General Note:
Research authors: Jennifer Hoeflich, Bruce MacFadden - University of Florida
General Note:
Faculty Mentor: The purpose of this study is to identify and analyze specimens of a new taxon of drum fish that was found at the Montbrook fossil site, a late Miocene (5.5 – 5 MYA) locality a few miles south of Williston, FL. Morphological comparisons to modern drum taxa indicate that this is an ancestral freshwater drum, Aplodinotus new species., and the earliest example of the genus in North America. This suggests that the earliest members of Aplodinotus arrived as a part of the Great American Interchange using ancient river systems, yet the modern freshwater drum, Aplodinotus grunniens, evolved in North American river systems. Furthermore, the presence of this drum at the Montbrook site serves as a useful indicator of both the decreasing salinity of the region as well as the changing mollusc fauna, a primary food item of the drum family. The GABI typically describes dispersals of extinct mammals; the current study is novel because it describes the northward dispersal of a bony fish taxon. - Center for Undergraduate Research,

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University of Florida
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Copyright Jennifer Hoeflich. Permission granted to University of Florida to digitize and display this item for non-profit research and educational purposes. Any reuse of this item in excess of fair use or other copyright exemptions requires permission of the copyright holder.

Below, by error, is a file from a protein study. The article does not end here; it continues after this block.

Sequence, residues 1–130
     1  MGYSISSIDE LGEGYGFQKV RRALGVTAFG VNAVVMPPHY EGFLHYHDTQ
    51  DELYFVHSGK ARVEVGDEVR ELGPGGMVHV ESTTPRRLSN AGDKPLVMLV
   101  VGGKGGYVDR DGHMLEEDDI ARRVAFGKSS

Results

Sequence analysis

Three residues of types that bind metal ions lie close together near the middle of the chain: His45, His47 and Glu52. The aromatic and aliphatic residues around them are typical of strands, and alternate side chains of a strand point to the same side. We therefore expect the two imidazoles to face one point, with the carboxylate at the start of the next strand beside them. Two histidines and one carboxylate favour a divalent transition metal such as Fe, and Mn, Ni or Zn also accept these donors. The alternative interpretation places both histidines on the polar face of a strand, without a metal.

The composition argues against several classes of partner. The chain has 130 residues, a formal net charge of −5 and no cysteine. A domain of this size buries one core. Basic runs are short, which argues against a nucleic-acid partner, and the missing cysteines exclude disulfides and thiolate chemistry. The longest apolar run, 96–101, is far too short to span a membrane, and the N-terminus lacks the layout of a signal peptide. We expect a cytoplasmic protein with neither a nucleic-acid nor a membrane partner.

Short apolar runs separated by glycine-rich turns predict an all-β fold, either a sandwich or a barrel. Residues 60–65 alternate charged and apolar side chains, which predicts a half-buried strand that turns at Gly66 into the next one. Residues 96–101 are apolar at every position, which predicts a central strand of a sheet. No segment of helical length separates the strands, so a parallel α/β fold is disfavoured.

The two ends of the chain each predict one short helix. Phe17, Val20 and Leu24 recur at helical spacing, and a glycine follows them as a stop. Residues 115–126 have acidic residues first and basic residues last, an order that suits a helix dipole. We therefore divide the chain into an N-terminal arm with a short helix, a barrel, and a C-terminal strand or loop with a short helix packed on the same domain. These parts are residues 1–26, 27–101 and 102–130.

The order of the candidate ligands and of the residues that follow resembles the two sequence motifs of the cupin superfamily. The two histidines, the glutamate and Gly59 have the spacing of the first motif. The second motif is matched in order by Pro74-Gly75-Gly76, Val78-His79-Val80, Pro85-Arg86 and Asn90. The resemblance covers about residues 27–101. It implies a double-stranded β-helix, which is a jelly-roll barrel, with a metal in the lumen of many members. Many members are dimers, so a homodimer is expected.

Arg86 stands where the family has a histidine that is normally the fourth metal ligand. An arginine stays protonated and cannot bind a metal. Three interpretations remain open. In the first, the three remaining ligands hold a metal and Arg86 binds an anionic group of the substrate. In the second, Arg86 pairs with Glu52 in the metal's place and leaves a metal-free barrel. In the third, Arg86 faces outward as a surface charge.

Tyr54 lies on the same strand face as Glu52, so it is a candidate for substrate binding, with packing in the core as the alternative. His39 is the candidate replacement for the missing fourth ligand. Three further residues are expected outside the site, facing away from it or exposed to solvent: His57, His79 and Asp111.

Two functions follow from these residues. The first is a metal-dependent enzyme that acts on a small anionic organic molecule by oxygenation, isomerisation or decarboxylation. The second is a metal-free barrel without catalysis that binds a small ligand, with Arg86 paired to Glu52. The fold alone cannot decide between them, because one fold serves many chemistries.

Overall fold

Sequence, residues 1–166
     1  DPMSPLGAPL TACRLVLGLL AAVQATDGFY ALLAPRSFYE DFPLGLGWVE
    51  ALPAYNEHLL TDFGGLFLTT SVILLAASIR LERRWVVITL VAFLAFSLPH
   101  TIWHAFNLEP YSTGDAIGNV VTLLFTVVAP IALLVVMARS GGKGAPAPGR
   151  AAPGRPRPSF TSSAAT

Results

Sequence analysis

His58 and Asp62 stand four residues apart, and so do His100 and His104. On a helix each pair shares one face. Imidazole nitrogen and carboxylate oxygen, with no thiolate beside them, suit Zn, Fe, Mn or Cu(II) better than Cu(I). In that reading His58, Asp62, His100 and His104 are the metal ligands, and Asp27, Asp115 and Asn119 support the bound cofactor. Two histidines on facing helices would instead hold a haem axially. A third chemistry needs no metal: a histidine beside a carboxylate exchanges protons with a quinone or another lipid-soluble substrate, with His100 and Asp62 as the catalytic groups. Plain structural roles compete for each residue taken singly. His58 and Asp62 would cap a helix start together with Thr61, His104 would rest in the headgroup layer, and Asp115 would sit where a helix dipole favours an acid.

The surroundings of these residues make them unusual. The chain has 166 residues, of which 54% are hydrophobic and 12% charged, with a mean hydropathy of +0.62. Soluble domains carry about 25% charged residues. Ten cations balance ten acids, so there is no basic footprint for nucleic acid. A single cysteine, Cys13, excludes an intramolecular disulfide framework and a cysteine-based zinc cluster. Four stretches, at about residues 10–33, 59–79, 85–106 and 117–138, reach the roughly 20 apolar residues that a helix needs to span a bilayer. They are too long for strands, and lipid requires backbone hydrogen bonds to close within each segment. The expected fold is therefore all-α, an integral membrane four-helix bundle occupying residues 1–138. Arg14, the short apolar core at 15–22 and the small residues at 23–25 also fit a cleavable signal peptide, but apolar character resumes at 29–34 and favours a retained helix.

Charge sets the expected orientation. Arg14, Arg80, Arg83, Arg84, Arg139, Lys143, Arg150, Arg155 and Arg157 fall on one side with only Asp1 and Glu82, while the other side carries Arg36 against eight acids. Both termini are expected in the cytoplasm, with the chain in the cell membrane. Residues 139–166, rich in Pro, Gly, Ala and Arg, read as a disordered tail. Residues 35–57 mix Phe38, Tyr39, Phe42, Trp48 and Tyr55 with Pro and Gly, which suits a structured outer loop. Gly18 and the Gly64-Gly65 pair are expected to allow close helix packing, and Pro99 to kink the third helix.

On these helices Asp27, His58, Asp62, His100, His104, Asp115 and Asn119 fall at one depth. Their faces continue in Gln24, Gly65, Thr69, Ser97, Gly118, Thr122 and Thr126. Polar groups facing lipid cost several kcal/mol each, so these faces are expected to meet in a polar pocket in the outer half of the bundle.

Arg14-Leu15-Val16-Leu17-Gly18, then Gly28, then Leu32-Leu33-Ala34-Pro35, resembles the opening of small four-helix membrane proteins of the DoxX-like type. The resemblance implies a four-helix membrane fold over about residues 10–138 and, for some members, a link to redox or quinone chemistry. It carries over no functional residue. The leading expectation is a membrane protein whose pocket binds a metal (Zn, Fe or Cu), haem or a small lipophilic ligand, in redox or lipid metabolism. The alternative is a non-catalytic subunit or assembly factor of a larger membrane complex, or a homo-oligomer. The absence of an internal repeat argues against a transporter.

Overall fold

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Suprapharygneals from Aplodinotus sp from Montbrook site. From left, 1 -5 right suprapharyngeals 6 -10 left suprapharyngeals Infrapharygneals from Aplodinotus sp. f rom Montbrook site. From left, 1 -5 left infrapharygneals 6 -10 right infrapharyngeals Vertebra from Aplodinotus sp. f rom Montbrook site. Dorsal spines from Aplodinotus sp. from Montbrook site. Members of the Florida Museum of Natural History Crew dig at the Montbrook site. Image Credit: Courtesy of the FLMNH Left suprapharyngeals from McGehee Farm site. References Aguilera, O., Schwarzhans W., Moraes -Santos, H., & Nepomuceno, A. (2014). Before the flood: Miocene otoliths from eastern Amazon Pirabas Formation reveal a Caribbean-type fish fauna. Journal of South American Earth Sciences 56, 422-446. Coates, A. G., Jackson, J. B., Collins, L. S., Cronin, T. M., Dowsett H. J., Bybell L. M., ... & Obando, J. A. (1992). Closure of the Isthmus of Panama: the near -shore marine record of Costa Rica and western Panama. Geological Society of America Bulletin, 104(7), 814-828. French III, J. R. (1997). Pharyngeal teeth of the freshwater drum (Aplodinotus grunniens ) a predator of the zebra mussel ( Dreissena polymorpha). Hoorn, C., Wesselingh, F. P., Ter Steege, H., Bermudez, M. A., Mora A., Sevink J., ... & Jaramillo, C. (2010). Amazonia through time: Andean uplift, climate change, landscape evolution, and biodiversity. Science, 330(6006), 927-931. Grubich, J. R. (2000). Crushing motor patterns in drum ( Teleostei : Sciaenidae): functional novelties associated with molluscivory Journal of Experimental Biology, 203(20), 3161-3176. Jacquemin S. J., Ebersole, J. A., Dickinson, W. C., & Ciampaglio, C. N. (2016). Late Pleistocene fishes of the Tennessee River Basin: an analysis of a late Pleistocene freshwater fish fauna fr om Bell Cave (site ACb-2) in Colbert County, Alabama, USA. PeerJ 4 e1648. Montes, C., Cardona, A., McFadden, R., Morn, S. E., Silva, C. A., Restrepo-Moreno, S., ... & Bayona, G. A. (2012). Evidence for middle Eocene and younger land emergence in central Panama: implications for Isthmus closure. Bulletin, 124(5-6), 780-799. Lo, P. C., Liu, S. H., Chao, N. L., Nunoo, F. K., Mok H. K., & Chen, W. J. (2015). A multi -gene dataset reveals a tropical New World origin and Early Miocene diversification of croakers (Perciformes : Sciaenidae ). Molecular phylogenetics and evolution, 88, 132-143. Lundberg, J. G. (1967). Pleistocene fishes of the Good Creek formation, Texas. Copeia, 1967(2), 453-455. Lundberg, J. G., Marshall, L. G., Guerrero, J., Horton, B., Malabarba, M. C. S. L., & Wesselingh F. (1998). The stage for Neotropical fish diversification: a history of tropical South American rivers. Phylogeny and classification of Neotropical fishes, 27. Nolf D., & Aguilera, O. (1998). Fish otoliths from the Cantaure Formation (early Miocene of Venezuela). Bulletin de lInstitut Royal des Sciences Naturelles de Belgique, Sciences de la Terre, 68, 237-262. Phillips, G. E. (2006). Paleofaunistics of nonmammalian vertebrates from the late Pleistocene of the Mississippi -Alabama Black Prairie. Sasaki, K. (1989). Phylogeny of the family Sciaenidae with notes on its zoogeography ( Teleostei Perciformes ). Memoirs of the Faculty of Fisheries Hokkaido University, 36(1-2), 1 -137. Takeuchi, G. T., & Huddleston, R. W. (2008). A new early Miocene species of Pogonias (Teleostei : Sciaenidae) based on otoliths from California. Bulletin, Southern California Academy of Sciences, 107(2), 68-80. Uyeno, T., & Miller, R. R. (1962). Late Pleistocene fishes from a Trinity River terrace, Texas. Copeia, 338-345. Background The Great American Biotic Interchange (GABI) of the Middle to Late Miocene was the migration of North America fauna southward and South American fauna northward after the formation of the Panama Isthmus that connects the two continents. However, the land mammals, the traditional lens though which GABI is examined, are limited in the information that they can provide about the state of the ecological state of the isthmus at the time of their migration.A freshwater fish genus such as Aplodinotus is much more limited in its method of migration and therefore can give a clearer idea of ecology. The genus Aplodinotus is represented by only one extant species, Aplodinotus grunniens the freshwater drum. A. grunniens has evolved to feed primarily on the thin shells of freshwater bivalves, decapods, and diphtheria (Grubich, 2000) (French, 1997). A. grunniens has a purely North and Central American range, however DNA studies indicates close relationships with South American drums (Lo et al., 2015). Establishing the time period during which the northward migration of Aplodinotus occurred will shed light on the ecological conditions of the Panama Isthmus and the Gulf Coast along with clarifying drum evolution. Methodology The morphological analysis was conducted through morphological comparisons of fossil specimens to extant taxa, particularly Aplodinotus grunniens and Pogonias cromis. In the absence of comparable fossil specimens of earlier Aplodinotus species, Pogonias was used due to the genus close evolutionary relationship with Aplodinotus (Lo et al., 2015) and the early appearance of its modern form (Takeuchi & Huddleston, 2008). I looked through the existing literature on Aplodinotus specimens and plotted the coordinates of the sites on a map and then compared location to the time period of origin. I added the time and localities of my own morphological research to the data and looked for trends. Hypothesis: The Aplodinotus genus migrated north from South America during the late Miocene using river systems. Further Research The discovery of older Aplodinotus specimens would narrow the time period for the migration. The presence, absence, and extent of the North to South migration of another fluvial taxon would shed further light on the Panama river system. Information on the Aplodinotus migration could be used to analyze changes in the fossil records of mollusks in and around the time period. Likewise, the Aplodinotus fossil record could be compared to that of possible predators, including other fish. These two suprapharyngeals from the McGehee Farm site, located a few miles north of Gainesville, appear to be possible ancestral variants to the Aplodinotus specimens from Montbrook Conclusion The Aplodinotus genus migrated north from South America before the late Miocene and it is likely that a larger aquatic biotic interchange occurred before the migration of terrestrial vertebrates. This migration provides evidence for an extensive fluvial system linking North and South America before the closure of the Panama Isthmus. Freshwater and brackish mollusks were established in central Florida in the late Miocene. A river system linked the North American Gulf Coast, allowing bidirectional East West Migration. Results from Analysis The small circular pharyngeal teeth and short pharyngeal establish the Aplodinotus as primarily a predator of fairly thin shelled mollusks. It is likely that the northward migration was enabled by the rivers systems of northern South America. The appearance of Aplodinotus in North America around the time of the closing of the Panama Isthmus 45 MYA suggests that fluvial systems that linked the two continents existed at the time. The presence of Aplodinotus in Florida specifically suggests that the entirety of the Gulf Coast was at one time connected by a large series of rivers Fused infrapharyngeals from Montbrook Aplodinotus sp. Sciaenidae 48% 145 Pogonias 13% 38 Aplodinotus 39% 119 Sciaenidae Vertebra in Montbrook site Jennifer Hoeflich and Bruce MacFadden Florida Museum of Natural History, University of Florida, Gainesville, FL Swimming up the Land Bridge: The Dispersal and Evolution of the Drum Aplodinotus Phylogenetic tree from Lo et al. (2015) 1 cm 1 cm 1 cm 1 cm 1 cm 1 cm